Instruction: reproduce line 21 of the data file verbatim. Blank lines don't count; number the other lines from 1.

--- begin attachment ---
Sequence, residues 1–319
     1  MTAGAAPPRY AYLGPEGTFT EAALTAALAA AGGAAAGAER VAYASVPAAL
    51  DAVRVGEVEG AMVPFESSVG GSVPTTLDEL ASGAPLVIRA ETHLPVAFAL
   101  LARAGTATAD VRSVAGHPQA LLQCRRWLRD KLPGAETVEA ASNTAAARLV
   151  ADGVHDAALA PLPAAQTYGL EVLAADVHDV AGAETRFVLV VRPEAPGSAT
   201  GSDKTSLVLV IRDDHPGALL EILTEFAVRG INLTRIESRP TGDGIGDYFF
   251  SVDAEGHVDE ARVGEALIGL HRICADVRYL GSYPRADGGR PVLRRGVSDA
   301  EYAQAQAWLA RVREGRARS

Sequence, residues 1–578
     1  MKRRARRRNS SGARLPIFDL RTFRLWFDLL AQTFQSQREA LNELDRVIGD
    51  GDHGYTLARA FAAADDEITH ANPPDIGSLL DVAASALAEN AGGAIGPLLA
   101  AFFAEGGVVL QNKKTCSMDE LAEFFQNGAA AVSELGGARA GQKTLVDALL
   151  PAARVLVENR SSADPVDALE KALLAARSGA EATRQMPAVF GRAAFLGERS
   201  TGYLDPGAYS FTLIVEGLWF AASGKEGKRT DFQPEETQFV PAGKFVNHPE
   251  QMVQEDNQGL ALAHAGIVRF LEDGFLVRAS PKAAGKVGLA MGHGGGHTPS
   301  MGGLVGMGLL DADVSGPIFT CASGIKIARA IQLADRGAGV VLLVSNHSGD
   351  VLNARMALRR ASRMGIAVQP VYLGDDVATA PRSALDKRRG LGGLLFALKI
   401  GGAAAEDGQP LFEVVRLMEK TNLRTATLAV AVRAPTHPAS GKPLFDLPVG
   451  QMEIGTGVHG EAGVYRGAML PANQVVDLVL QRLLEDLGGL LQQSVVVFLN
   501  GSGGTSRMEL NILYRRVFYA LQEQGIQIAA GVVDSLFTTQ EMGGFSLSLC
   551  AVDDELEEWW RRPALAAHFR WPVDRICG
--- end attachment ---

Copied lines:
   551  AVDDELEEWW RRPALAAHFR WPVDRICG